Terrorizing Bodies / Chris Gutierrez
Abstract: Beginning with one single body painted by Gustave Courbet in 1866 and one temple destroyed on September 11 th, this paper moves to consider the far reaching impact that the War on Terror has on the entire social body. By paying attention to the unknowable status of both the events and the perpetrators of terrorism, it will be argued that the overwhelming ambiguity of terrorism and counter-terrorist activity has allowed the War on Terror to return to prior discourses of racism and homophobia to mark the corporeal otherness it hopes to confront. Here, images from Abu Ghraib prison, joke pictures forwarded through emails, and other graphic images produced from the Iraq and Afghanistan conflicts will be read to consider the discourse that is deployed when constructing the ‘terrorist’ body. More than knowledge about the terrorist though, these images offer insight into the dominant notions of the white heterosexual male that are that are embedded into the West’s nationalist discourses, and offer insight into what bodies, and what desires, are left out of these discourses. Through all of these readings, the unique biopolitical configuration of the War on Terror is made apparent, a configuration which allows simultaneously for the protection and destruction of challenging bodies.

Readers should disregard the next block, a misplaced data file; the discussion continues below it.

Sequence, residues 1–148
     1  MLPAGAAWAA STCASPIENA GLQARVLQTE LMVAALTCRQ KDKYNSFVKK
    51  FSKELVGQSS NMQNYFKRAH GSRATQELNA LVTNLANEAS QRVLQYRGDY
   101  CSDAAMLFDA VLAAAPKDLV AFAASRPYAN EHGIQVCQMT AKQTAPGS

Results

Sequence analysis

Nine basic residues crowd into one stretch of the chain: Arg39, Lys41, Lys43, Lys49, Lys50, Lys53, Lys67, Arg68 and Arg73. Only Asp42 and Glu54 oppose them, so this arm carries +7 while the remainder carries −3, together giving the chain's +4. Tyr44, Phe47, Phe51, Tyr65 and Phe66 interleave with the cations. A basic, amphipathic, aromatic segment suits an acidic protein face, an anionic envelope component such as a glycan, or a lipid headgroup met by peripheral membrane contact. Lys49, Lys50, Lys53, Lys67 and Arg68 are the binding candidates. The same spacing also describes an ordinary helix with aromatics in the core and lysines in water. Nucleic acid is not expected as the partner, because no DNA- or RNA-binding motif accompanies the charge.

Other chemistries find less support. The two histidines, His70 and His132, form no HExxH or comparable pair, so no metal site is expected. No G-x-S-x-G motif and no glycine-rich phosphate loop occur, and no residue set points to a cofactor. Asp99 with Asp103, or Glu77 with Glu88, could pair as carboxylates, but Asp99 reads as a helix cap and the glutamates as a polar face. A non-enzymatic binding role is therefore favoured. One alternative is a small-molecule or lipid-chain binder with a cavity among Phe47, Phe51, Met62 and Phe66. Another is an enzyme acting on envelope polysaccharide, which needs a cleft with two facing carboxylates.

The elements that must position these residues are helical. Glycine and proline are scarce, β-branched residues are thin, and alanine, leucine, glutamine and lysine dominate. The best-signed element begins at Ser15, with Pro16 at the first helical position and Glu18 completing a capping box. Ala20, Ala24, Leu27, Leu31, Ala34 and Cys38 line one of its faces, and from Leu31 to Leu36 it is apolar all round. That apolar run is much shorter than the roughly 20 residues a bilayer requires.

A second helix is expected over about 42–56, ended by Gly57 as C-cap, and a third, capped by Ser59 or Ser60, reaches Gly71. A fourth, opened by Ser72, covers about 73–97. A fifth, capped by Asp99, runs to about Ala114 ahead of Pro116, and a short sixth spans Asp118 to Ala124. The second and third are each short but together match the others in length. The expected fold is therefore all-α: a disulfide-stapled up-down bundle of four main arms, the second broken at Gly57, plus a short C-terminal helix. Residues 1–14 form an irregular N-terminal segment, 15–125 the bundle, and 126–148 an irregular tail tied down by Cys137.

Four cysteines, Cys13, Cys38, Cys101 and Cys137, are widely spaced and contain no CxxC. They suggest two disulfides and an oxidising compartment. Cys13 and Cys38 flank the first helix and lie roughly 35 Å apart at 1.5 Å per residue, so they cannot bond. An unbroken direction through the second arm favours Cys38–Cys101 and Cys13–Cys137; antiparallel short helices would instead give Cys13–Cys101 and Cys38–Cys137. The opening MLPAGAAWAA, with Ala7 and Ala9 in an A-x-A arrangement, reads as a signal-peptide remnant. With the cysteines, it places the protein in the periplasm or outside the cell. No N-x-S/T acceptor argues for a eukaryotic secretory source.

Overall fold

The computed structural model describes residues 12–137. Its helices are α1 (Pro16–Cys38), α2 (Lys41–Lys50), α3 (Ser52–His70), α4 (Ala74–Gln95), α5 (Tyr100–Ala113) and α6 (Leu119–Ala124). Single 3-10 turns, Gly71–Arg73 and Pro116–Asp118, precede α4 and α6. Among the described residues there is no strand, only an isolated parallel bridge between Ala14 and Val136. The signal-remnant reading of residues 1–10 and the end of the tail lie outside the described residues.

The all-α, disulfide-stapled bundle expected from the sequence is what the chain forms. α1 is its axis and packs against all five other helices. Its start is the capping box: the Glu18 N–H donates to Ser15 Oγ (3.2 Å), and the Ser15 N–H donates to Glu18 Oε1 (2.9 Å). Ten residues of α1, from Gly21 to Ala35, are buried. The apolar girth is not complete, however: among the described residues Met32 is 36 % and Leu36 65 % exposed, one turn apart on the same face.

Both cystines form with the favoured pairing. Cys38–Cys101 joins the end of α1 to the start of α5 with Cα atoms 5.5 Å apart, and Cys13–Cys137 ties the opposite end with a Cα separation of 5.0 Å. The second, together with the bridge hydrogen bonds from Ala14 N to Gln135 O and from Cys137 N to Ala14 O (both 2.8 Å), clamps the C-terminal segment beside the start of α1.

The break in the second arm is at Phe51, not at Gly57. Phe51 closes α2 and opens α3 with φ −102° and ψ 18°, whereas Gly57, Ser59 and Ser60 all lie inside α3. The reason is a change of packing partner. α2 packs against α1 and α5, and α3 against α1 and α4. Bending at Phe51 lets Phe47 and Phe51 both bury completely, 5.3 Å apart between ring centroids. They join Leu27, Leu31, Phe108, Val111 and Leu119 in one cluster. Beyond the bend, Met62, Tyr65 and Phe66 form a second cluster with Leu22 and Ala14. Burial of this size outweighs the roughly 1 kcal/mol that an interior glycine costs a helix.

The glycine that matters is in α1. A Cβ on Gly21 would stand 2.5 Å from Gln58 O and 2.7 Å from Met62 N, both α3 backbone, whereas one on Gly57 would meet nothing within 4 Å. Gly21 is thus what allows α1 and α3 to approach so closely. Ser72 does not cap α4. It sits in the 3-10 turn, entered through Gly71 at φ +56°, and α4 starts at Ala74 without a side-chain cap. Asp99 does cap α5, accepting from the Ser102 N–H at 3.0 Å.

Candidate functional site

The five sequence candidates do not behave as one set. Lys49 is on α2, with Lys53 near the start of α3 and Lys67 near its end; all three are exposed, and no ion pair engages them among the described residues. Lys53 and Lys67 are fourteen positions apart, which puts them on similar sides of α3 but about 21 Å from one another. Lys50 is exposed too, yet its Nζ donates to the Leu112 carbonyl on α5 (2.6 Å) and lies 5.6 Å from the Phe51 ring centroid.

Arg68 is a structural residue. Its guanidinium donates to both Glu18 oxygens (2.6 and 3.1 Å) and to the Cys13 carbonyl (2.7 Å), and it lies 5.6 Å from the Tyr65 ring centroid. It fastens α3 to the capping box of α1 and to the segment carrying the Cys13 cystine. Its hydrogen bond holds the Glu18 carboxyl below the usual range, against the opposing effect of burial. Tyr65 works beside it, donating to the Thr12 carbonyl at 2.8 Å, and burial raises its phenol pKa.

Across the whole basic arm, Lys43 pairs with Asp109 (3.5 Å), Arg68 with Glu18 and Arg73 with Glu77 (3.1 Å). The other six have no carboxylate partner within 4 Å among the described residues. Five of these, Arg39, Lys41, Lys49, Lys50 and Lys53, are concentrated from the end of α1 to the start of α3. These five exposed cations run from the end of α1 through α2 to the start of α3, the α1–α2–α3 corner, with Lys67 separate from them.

I saw a big damp spot and realized immediately it was water from the flowers that were flowing. Nevertheless, I could not help thinking of the blood Jean had lost. It was a lot of blood. Hadn’t it dried since his death?
- Jean Genet, Funeral Rites
<1> The most basic, crudest and rudimentary commodity of power has been, for centuries, located in the exchange of blood. Monarchs were granted privilege and position, status and standing, through their inherited blood; aristocrats passed title and land to their descendents through blood. These were not simple familial relations, as Anne Norton explains, "Traditional authority is based not on kinship alone but on bloodlines, bloodties" (Norton 44). To be included in another of society’s crudest and most basic denominators, the family, could not in itself guarantee the extension of privilege. Rather, it was blood, and blood alone, that granted succession and in this sense power flowed simultaneously through both one’s own blood and the spilled blood of another.